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Racing Reflections With David Miller

Published: December 7, 2020 2:56 pm ET

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David Miller never thought twice about a career, and it’s safe to say his chosen path has more than paid off. Miller, who was enshrined in the Harness Racing Hall of Fame in 2014, continued to add to his list of accomplishments in 2020, surpassing $250 million in career purses and 13,000 in career wins.

The Ohio native, who turns 56 on Thursday, ranks No. 2 in history in driver earnings, behind only John Campbell, and is No. 5 in victories.

“This is no lie; I knew at a very early age what I wanted to do,” Miller said. “I wanted to drive and train horses, be around horses. I was around horses right from the start. My grandad (Clyde) and my dad (Donny) both had horses and trained. I remember going to the barn on the weekends at 7 or 8 years old and riding in my dad’s lap on the track training and going to the races at the county fairs when I was little.

“I was lucky. I never had to second guess. I never played sports in school, I just wanted to be with the horses.”

When Miller was around the age of 10, his father bought him an old pacing mare to take care of, helping set the foundation for the years ahead.

“I would jog her and train her; it was pretty cool,” Miller said. “She couldn’t go very fast, but she was safe. Dad let me loose on her and then soon I got to training with him.

“With her, I learned a lot. I had to take care of her, too. I had to clean her stall, jog her, I put her away. I bathed her, rubbed her legs, I actually looked after her. I think that’s an important part of it. I think once you get to working with them, you grow more attached to them and you begin to understand them.”

Miller began driving at the matinees at age 12. In the ensuing early years of his career, he began enjoying success at the county fairs.

“It took me a couple years to get my first win because when I was 12 or 13, I might drive three races a year,” Miller said. “When I got to the fairs, those horses were pretty good. I just had to sit there and not fall off and they would usually win.”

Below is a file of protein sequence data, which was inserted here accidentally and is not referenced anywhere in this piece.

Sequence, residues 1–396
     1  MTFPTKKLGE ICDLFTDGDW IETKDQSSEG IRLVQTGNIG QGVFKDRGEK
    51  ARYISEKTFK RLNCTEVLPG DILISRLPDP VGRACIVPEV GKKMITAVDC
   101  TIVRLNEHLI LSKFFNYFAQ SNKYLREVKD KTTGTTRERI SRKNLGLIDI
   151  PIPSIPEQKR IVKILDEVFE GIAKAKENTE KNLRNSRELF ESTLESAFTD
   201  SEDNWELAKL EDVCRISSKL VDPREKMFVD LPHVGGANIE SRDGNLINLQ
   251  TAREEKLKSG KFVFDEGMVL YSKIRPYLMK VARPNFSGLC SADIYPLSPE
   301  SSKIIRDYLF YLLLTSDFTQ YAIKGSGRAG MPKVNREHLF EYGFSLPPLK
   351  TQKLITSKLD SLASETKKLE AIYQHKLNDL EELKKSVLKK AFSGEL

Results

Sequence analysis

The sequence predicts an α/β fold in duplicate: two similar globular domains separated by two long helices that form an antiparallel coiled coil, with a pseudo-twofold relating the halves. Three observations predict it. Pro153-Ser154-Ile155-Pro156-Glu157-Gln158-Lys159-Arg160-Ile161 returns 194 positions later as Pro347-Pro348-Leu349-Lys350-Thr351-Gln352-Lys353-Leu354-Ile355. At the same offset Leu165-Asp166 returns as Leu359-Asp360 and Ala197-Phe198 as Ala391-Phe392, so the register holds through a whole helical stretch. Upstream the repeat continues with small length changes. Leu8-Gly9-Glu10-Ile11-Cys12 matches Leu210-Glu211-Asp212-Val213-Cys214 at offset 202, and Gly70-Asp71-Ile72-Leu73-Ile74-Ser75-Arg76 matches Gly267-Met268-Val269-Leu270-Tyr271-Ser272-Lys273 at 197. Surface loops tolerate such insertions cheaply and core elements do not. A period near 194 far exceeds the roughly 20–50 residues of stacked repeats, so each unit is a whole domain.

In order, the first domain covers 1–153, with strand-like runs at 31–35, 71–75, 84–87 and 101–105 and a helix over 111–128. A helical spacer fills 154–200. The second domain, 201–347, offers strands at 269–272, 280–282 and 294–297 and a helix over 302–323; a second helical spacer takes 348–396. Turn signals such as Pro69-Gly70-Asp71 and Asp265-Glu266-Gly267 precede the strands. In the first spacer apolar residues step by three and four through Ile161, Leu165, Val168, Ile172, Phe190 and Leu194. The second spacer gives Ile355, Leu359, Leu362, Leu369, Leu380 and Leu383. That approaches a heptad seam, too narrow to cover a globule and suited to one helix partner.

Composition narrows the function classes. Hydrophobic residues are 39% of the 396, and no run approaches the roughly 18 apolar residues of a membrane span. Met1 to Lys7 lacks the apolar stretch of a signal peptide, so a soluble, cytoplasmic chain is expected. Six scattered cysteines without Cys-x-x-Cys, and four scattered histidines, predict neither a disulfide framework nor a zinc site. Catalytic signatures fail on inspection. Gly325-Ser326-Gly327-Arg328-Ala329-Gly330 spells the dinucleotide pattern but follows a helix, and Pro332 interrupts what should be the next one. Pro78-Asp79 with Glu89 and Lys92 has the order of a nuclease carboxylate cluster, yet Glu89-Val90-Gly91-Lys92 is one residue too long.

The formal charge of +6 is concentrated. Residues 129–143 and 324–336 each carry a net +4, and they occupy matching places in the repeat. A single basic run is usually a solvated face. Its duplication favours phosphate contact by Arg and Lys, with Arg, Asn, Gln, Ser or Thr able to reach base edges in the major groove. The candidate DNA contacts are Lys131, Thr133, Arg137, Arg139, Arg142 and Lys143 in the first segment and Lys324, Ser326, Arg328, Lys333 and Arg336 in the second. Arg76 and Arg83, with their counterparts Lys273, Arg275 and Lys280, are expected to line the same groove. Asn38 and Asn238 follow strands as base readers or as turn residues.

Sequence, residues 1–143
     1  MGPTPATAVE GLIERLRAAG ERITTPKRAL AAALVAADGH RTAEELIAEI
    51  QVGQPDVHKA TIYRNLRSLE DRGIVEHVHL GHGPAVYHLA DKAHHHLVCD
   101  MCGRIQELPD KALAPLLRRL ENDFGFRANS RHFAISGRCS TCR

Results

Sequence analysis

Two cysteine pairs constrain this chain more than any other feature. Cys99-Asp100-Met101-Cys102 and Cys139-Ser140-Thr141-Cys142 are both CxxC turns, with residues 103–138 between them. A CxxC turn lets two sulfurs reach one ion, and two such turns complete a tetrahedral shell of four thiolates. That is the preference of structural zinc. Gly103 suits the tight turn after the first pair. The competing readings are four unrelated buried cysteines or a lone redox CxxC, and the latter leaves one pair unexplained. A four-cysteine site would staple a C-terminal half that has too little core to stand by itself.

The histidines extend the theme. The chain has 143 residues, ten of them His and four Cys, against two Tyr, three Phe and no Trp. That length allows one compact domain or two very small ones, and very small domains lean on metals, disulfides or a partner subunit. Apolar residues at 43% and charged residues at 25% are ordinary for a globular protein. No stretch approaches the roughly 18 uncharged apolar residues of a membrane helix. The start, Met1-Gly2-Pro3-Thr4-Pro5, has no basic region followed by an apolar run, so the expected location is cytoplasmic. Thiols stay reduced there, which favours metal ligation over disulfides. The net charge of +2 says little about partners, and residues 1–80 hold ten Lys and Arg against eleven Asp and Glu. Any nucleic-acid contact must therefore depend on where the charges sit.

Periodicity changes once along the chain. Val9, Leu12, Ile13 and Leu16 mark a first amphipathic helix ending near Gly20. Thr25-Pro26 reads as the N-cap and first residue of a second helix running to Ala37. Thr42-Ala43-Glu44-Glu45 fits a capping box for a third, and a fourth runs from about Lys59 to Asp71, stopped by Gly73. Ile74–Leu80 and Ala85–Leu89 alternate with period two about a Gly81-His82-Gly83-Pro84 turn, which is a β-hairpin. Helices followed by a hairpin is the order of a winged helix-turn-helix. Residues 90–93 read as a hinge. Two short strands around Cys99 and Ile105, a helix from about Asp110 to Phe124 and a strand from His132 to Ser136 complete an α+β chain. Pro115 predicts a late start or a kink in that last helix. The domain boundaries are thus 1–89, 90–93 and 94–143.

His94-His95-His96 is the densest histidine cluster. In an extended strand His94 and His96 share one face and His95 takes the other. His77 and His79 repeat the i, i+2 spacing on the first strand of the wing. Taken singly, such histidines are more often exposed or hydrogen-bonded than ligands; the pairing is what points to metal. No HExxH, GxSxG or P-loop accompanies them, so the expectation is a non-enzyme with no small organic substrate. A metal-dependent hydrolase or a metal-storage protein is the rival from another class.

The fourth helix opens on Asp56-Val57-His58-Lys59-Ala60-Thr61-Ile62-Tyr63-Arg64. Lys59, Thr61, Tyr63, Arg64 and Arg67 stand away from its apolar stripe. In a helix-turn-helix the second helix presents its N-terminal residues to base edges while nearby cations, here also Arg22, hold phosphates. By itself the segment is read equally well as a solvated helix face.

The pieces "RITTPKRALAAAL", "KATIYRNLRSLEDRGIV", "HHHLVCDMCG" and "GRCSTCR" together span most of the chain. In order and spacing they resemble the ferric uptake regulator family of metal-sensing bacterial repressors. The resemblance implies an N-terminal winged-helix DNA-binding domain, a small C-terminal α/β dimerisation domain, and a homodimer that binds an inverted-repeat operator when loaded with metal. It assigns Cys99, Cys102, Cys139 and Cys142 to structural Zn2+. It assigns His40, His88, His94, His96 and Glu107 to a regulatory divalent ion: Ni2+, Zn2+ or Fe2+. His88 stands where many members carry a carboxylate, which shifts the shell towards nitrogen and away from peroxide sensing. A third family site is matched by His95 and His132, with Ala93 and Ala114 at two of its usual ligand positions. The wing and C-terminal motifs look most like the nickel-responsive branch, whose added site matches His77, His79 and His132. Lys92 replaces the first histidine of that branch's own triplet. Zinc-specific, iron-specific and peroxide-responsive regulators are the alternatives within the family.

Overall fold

In 1990, Miller cracked the top 20 in wins in North America and three years later he was named the Rising Star Award winner by the U.S. Harness Writers Association. Since then, he has been named Driver of the Year on three occasions — 2003, 2015 and 2016. He has ranked among the top five in purses 20 of the past 21 seasons and is fourth this year.

Miller’s 2020 campaign got off to a difficult start when two stars he piloted in 2019, Real Cool Sam and Papi Rob Hanover, were sidelined. But Miller’s season picked up with the likes of Perfect Sting, Lady Chaos, Century Farroh, Cattlewash, Blue Diamond Eyes, and Test Of Faith. Miller won three Breeders Crown trophies, upping his career total to 27, which is tied for fourth in the history of the event.

“I did more than I thought I was going to,” Miller said. “In about July, I was thinking this might be a lean year. But (trainer) Ronnie Burke started using me, and that helped, and I was fortunate to have some other really nice horses. It ended up being a fantastic season.”

Miller does not follow his stats, but said reaching $250 million in lifetime purses, which he accomplished while winning last month’s Three Diamonds with Blue Diamond Eyes, was special.

“I’m very happy and amazed,” Miller said. “It’s a great feeling of accomplishment.

“People have told me, the older I get, the stronger I’m getting. I don’t feel any different than I did 12 or 15 years ago. I still feel good in the bike and I enjoy what I do. I feel like I’m still in my 40s. I know some people might think that’s still a little old, but I don’t feel 55 turning 56.

“That goes to show you, you just keep steady, grinding away at it, and you never know.”

Even if you knew what you wanted to do all along.


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